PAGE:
My father and brother have been in the Maine lobster boat building business since the 1980’s. Each winter, once the lobster season has drawn to a close, they park their own lobster boats on the mooring and begin building a new boat in their boat shop in Cutler. The boat starts as a bare hull and over the course of several months an engine, shaft, propeller, rudder, hydraulics, electronics, fiberglass decks and a plethora of other items are added, turning the shell into a sleek, sturdy, seaworthy Maine lobster boat.
A family member was able to capture the arrival of this winter’s hull arriving at Little River Boat shop via drone and video. The aerial photos will give you a sense of size and scale of a modern Maine lobster boat and the video demonstrates the driving skills needed to back one of these massive boats into the opening of our family’s boat shop.
With regards to hull designs, Downeast lobster boats come in one of two designs: built-down or skeg. Built-down style boats are those where the hull curves into the keel. Skeg models are those where the hull goes flat into the keel. Which design is best is a matter of debate. I grew up in skeg country, so my family is a bit biased toward that style of boat. Built-down boats are said to be more buoyant and spacious. Skeg boats are less expensive and lighter. They are also said to be faster, as there is less holding the hull back. Some believe a built-down boat is more seaworthy due to the buoyancy. Others think a built-down boat gives you buoyancy where you don’t want it, causing the boat to rock and roll a bit. In Down East Maine, the Beals, the Young Brothers and Ernest J. Libby all build skeg boats. Spencer Lincoln’s designs are built-down boats.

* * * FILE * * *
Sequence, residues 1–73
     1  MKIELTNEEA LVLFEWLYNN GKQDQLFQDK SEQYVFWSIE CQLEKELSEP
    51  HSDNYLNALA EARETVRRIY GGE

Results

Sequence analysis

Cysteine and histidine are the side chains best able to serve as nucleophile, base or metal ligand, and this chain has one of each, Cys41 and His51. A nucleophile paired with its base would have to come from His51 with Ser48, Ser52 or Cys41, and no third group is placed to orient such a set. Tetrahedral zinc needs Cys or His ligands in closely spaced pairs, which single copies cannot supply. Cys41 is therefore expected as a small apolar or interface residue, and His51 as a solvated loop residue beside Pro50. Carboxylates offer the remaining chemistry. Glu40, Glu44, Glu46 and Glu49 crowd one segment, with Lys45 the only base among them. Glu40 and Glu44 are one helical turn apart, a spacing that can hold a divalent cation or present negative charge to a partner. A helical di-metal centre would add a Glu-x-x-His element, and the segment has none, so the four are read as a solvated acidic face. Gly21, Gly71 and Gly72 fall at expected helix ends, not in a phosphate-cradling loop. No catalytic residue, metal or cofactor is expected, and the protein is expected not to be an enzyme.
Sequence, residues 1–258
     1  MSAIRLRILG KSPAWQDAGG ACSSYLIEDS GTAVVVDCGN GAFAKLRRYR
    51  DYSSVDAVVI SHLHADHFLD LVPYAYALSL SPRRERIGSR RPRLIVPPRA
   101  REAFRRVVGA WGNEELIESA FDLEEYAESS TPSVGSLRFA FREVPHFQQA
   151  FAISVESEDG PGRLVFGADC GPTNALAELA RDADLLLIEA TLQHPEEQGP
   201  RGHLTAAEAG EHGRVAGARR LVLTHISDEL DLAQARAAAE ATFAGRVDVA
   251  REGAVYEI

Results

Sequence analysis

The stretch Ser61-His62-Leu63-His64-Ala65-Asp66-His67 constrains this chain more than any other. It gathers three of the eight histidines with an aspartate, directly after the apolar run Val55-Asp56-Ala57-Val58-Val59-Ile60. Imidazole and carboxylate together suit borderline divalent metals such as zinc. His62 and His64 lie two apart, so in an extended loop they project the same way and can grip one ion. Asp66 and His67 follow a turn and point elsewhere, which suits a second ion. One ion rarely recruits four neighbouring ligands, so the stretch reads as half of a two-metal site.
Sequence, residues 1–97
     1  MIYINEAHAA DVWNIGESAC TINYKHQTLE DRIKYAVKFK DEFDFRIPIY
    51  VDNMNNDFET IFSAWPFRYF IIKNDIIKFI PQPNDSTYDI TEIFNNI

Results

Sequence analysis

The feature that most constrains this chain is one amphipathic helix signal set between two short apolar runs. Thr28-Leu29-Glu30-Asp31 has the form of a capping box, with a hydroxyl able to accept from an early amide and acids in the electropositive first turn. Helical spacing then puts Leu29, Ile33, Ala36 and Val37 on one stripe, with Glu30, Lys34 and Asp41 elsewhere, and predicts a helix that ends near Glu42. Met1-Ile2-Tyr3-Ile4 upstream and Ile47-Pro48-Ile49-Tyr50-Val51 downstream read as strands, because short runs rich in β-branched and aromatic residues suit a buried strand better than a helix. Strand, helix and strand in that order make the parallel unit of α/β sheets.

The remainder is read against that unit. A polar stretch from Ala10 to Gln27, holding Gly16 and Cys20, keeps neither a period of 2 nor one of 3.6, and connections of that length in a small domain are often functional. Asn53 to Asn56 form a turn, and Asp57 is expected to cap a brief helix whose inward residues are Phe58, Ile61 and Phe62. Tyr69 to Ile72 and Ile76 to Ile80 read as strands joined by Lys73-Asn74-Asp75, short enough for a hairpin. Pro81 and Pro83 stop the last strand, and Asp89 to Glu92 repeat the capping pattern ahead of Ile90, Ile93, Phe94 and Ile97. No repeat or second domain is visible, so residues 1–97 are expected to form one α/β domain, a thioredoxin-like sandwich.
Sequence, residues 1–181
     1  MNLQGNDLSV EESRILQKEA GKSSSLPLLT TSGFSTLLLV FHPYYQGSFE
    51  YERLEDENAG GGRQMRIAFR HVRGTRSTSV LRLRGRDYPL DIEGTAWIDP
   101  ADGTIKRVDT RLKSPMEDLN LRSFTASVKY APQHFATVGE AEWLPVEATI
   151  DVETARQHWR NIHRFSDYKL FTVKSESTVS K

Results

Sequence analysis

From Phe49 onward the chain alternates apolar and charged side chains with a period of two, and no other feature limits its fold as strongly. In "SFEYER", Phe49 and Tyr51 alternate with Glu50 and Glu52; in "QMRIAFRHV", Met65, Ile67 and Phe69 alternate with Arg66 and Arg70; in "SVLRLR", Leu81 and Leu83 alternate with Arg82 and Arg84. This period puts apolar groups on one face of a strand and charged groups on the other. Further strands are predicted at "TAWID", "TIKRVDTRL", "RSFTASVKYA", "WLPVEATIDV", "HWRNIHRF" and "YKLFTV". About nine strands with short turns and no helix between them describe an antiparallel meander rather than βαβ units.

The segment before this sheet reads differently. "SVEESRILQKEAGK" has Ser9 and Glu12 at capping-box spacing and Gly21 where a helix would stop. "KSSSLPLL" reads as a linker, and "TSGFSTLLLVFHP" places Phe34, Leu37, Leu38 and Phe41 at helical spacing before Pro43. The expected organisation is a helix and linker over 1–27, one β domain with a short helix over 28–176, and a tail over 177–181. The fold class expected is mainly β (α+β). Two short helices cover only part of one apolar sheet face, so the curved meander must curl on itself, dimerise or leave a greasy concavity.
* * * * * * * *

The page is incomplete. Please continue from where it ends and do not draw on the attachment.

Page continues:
Beyond built-down and skeg variations, there is really no dominant hull style in Down East Maine. The majority of modern Maine lobstermen prefer a semi-displacement or cruising-style hull because they want more speed. While a boat’s speed is determined in part by the engine horsepower, the shaft RPMs and the size of the propeller, some hull designs cause a boat to top out at a certain speed. With a cruising-style hull, each application of the throttle is met with a proportional increase in speed, allowing many boats to achieve a cruising speed of sixteen to twenty-two knots, with top speed on some boats exceeding forty knots. As Spencer Lincoln, a Downeast boat designer, said so well:
‘The absolutely lovely characteristic of a lobster boat is the relationship between boat speed and engine rpm. For each application of the throttle, you get a commensurate increase in speed.’
The last twenty years or so have also seen hull designs trend toward a wider stern to accommodate the larger gangs of traps being fished. To minimize the impact on the boat’s seaworthiness, modern-day boat builders have revised their designs, adding deeper keels and larger rudders to help the boat track well in a following sea. Still, every boat is a bit of a compromise. Today’s wider-sterned boats allow you to bring five or six tons of gear aboard when you’re setting off, but they don’t handle as gracefully in a following sea or rough weather.
I look forward to seeing the how this year’s boat build progresses in my family’s boat shop.